ATMI EYEING TEXPORT REPLACEMENT
Byline: Jim Ostroff
WASHINGTON — An international trading company created last spring by the American Textile Manufacturers Institute to seek export opportunities for American fabric and fiber producers has virtually ceased operation and its mission is being refocused.
Carlos Moore, ATMI’s executive vice president, said that the industry still is committed to developing the export market but in a way that potentially could be used by all of the association’s 134 members, rather than a relative handful.
The trading company, dubbed Texport, was launched last April by 14 ATMI member firms, each of which chipped in $20,000. The company, which was chartered by the U.S. as an international trading firm, received an antitrust exemption from the U.S. — a typical procedure that allows American firms to talk among themselves on a limited basis without concern about antitrust violations. Texport was headed by Carmer Robinson, working out of an Alexandria, Va., office. Robinson, previously a vice president for international sales with Dixie Yarns, Chattanooga, is no longer associated with Texport. He could not be reached for comment.
Moore said in an interview that Texport “developed more than 200 leads” for potential foreign textile sales, but he had no information on actual sales. It also exhibited U.S. textile products at about a half dozen foreign trade shows outside the U.S. and put on two private shows for potential buyers in Mexico. The actual sales were handled directly by this trading firm and not individual textile manufacturers.
“After nearly a year of operation, our members decided they can be served by many of the things that Texport has done, but we’re looking to totally refocus export efforts to one that emphasizes development and marketing, rather than actually selling products,” Moore said.
Dick Carr Jr., a vice president for corporate services with Spartan Mills, Spartanburg, S.C., a member of Texport, added that Texport’s efforts were concentrated in Mexico and “after three presentations there last fall, it became obvious that with the state of Mexico’s economy, many people were interested in looking, but the time was not right in Mexico for buying.”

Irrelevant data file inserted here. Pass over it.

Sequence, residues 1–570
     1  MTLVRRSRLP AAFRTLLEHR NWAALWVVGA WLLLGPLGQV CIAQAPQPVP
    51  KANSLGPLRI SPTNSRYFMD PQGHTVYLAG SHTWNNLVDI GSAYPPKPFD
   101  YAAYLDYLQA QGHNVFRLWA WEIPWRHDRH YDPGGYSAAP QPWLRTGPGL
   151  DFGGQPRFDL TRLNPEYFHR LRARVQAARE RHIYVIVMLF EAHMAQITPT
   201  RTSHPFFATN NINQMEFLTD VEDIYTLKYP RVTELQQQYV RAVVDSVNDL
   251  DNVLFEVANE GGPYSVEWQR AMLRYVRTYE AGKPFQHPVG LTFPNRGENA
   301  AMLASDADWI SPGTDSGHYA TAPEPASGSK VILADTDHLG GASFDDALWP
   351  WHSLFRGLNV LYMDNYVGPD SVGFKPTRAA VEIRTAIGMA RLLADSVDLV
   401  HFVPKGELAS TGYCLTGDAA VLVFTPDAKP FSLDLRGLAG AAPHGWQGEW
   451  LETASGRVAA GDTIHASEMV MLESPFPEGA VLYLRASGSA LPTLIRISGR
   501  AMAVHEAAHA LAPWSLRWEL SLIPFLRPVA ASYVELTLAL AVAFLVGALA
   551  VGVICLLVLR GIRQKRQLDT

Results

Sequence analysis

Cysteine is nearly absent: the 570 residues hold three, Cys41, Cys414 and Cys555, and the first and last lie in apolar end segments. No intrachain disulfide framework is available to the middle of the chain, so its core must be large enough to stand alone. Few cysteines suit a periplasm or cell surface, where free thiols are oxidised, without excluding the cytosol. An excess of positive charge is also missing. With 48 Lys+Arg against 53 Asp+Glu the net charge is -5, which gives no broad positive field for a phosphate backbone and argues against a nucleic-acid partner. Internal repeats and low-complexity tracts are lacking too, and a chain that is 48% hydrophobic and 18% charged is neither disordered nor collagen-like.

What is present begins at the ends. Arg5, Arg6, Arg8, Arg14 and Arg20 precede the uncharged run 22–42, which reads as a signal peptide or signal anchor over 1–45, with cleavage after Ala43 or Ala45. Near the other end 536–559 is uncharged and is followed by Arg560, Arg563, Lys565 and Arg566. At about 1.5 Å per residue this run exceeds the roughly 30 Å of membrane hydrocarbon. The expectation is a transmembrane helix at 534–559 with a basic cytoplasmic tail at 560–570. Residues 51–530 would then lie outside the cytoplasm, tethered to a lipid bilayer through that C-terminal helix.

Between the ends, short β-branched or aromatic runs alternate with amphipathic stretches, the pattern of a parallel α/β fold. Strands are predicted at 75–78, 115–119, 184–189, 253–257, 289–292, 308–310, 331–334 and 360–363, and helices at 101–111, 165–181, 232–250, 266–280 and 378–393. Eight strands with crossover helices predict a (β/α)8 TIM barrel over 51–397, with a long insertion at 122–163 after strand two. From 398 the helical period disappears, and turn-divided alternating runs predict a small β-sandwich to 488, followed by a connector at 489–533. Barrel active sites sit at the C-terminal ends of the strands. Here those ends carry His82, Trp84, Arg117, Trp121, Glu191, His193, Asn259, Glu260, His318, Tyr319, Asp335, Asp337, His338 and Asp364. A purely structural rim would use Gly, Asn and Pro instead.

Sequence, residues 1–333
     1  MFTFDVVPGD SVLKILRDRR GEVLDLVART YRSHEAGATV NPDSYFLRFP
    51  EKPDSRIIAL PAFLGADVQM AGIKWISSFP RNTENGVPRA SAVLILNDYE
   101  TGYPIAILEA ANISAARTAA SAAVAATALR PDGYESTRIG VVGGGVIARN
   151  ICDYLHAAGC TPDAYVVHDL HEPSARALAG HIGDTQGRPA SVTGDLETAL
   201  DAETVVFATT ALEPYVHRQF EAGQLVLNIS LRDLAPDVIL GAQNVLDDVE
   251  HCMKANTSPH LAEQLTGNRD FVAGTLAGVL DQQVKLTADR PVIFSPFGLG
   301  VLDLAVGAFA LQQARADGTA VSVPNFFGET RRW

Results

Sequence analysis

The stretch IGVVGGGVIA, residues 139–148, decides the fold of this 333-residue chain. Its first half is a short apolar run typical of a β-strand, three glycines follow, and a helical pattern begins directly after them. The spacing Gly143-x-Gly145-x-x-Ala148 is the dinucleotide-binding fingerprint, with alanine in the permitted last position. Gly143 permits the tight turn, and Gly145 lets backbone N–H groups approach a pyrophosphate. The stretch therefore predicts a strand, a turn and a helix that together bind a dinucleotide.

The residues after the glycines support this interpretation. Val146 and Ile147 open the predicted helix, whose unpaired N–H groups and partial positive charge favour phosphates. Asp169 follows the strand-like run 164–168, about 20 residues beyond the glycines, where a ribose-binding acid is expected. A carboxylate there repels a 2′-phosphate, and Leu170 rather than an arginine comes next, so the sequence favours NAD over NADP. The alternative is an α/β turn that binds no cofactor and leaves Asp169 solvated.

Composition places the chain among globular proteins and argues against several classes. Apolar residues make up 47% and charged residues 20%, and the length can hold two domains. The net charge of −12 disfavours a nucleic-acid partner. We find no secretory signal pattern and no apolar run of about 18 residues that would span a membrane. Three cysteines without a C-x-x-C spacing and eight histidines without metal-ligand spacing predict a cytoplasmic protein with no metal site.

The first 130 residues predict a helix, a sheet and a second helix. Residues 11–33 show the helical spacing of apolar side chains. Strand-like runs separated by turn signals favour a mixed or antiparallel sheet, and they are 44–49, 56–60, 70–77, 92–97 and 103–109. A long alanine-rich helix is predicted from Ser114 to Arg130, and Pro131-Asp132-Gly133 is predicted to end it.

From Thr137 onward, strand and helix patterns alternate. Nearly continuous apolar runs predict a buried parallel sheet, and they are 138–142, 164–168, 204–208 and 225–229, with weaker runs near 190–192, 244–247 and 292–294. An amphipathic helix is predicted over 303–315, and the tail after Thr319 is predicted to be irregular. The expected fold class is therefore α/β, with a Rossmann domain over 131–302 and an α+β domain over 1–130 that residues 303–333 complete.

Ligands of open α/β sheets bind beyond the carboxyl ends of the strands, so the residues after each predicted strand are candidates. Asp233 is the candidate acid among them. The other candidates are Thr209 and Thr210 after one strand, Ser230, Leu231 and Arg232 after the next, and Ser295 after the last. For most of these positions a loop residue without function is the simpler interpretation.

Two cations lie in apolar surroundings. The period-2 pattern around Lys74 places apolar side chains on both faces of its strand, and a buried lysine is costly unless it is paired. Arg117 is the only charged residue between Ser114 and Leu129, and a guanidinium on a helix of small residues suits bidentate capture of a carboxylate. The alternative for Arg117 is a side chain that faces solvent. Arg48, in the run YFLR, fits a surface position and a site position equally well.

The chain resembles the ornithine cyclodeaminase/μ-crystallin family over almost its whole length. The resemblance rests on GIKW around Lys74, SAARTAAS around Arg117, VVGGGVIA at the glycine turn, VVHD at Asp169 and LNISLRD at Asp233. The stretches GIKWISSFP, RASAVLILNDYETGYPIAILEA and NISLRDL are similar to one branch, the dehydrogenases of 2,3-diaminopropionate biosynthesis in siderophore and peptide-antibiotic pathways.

Carr said that Texport’s activities resulted in no sales contracts being signed.
“Since we were getting ready to look next at other areas of Latin America, we felt it was a good time to reevaluate the entire Texport concept and structure,” he said. The member companies came to believe “it is better to have a company that does the research and marketing, provide this information to members and then let each company sell on their own,” he said.
Carr said Texport’s remaining funds “will be redistributed to each of its company stockholders.”
Moore noted that in the future, foreign market analysis and potential sales leads will be made available to all ATMI members at no cost.
It is still to be decided, Moore said, whether Texport will be replaced by some other entity, noting the ATMI board hopes to decide the matter by its mid-March annual meeting. A separate entity may be retained to continue this work, or it could be conducted wholly by ATMI staff.
“One thing that will be considered is whether to retain the antitrust exemption,” Moore said, “because this limits the ability of our members to sell in the [Mexican and Caribbean Basin] maquiladora trade. You cannot deal with U.S. companies that may operate maquilas.”
Under the antitrust exemption, Texport could only deal with foreign-owned companies.
Although exact figures are not available, trade analysts here have maintained that Mexico’s two-year export boom — mainly aimed at U.S. markets — has been fueled largely by U.S. companies which set up maquila operations in Mexico, by themselves or with partners.